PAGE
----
The Content is general information only. It is not intended to constitute legal advice or seek to be the complete and comprehensive statement of the law, nor is it intended to address your specific requirements or provide advice on which reliance should be placed. Mondaq and/or its Contributors and other suppliers make no representations about the suitability of the information contained in the Content for any purpose. All Content provided "as is" without warranty of any kind. Mondaq and/or its Contributors and other suppliers hereby exclude and disclaim all representations, warranties or guarantees with regard to the Content, including all implied warranties and conditions of merchantability, fitness for a particular purpose, title and non-infringement. To the maximum extent permitted by law, Mondaq expressly excludes all representations, warranties, obligations, and liabilities arising out of or in connection with all Content. In no event shall Mondaq and/or its respective suppliers be liable for any special, indirect or consequential damages or any damages whatsoever resulting from loss of use, data or profits, whether in an action of contract, negligence or other tortious action, arising out of or in connection with the use of the Content or performance of Mondaq’s Services.


Mondaq may alter or amend these Terms by amending them on the Website. By continuing to Use the Services and/or the Website after such amendment, you will be deemed to have accepted any amendment to these Terms.

These Terms shall be governed by and construed in accordance with the laws of England and Wales and you irrevocably submit to the exclusive jurisdiction of the courts of England and Wales to settle any dispute which may arise out of or in connection with these Terms. If you live outside the United Kingdom, English law shall apply only to the extent that English law shall not deprive you of any legal protection accorded in accordance with the law of the place where you are habitually resident ("Local Law"). In the event English law deprives you of any legal protection which is accorded to you under Local Law, then these terms shall be governed by Local Law and any dispute or claim arising out of or in connection with these Terms shall be subject to the non-exclusive jurisdiction of the courts where you are habitually resident.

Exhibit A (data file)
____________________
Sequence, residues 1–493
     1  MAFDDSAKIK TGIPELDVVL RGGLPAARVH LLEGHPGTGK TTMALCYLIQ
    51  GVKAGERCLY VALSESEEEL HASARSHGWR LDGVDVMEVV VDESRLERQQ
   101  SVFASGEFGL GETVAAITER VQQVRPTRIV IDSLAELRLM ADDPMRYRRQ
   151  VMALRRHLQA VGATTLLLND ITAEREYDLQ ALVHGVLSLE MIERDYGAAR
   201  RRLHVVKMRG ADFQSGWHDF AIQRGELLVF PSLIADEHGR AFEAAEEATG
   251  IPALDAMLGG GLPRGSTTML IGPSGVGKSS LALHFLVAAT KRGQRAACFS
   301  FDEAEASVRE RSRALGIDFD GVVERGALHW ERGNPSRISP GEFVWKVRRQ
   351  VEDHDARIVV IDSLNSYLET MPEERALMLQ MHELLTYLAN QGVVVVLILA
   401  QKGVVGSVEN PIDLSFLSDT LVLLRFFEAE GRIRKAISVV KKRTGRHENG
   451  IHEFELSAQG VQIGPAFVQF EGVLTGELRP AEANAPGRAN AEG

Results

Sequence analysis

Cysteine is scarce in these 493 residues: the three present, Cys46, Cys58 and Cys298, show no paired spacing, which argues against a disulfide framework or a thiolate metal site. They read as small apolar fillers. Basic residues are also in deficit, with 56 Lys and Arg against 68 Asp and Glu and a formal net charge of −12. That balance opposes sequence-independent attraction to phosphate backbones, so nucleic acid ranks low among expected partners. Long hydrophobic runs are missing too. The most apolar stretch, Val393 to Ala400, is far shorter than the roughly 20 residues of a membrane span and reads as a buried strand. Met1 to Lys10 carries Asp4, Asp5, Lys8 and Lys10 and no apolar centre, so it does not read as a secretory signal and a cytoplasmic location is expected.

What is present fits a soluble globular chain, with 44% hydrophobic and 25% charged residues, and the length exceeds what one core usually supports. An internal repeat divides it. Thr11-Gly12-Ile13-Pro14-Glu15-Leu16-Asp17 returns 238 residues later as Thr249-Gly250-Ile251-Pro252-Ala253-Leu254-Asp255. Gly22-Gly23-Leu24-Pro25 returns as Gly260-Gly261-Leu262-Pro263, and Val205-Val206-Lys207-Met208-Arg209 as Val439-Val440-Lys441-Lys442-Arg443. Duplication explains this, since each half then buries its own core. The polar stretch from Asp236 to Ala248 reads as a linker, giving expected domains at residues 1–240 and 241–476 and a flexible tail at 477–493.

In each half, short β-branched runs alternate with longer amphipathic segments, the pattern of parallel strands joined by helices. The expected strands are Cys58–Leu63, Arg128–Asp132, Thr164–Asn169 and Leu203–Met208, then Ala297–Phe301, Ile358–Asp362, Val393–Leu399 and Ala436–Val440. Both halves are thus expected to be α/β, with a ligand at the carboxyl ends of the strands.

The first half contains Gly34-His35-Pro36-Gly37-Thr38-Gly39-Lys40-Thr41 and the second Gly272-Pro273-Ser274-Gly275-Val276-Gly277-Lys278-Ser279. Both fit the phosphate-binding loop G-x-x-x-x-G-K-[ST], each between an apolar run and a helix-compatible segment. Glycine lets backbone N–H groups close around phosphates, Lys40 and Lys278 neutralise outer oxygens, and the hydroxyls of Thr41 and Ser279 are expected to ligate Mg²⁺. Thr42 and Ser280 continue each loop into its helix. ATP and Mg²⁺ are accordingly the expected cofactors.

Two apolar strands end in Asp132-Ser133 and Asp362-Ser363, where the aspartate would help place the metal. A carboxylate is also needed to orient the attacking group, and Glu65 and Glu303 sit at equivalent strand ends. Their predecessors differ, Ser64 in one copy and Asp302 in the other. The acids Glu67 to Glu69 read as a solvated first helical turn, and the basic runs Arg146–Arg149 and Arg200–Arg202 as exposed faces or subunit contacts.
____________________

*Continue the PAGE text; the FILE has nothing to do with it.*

You may print and keep a copy of these Terms, which form the entire agreement between you and Mondaq and supersede any other communications or advertising in respect of the Service and/or the Website.

No delay in exercising or non-exercise by you and/or Mondaq of any of its rights under or in connection with these Terms shall operate as a waiver or release of each of your or Mondaq’s right. Rather, any such waiver or release must be specifically granted in writing signed by the party granting it.

If any part of these Terms is held unenforceable, that part shall be enforced to the maximum extent permissible so as to give effect to the intent of the parties, and the Terms shall continue in full force and effect.

Mondaq shall not incur any liability to you on account of any loss or damage resulting from any delay or failure to perform all or any part of these Terms if such delay or failure is caused, in whole or in part, by events, occurrences, or causes beyond the control of Mondaq. Such events, occurrences or causes will include, without limitation, acts of God, strikes, lockouts, server and network failure, riots, acts of war, earthquakes, fire and explosions.

By clicking Register you state you have read and agree to our Terms and Conditions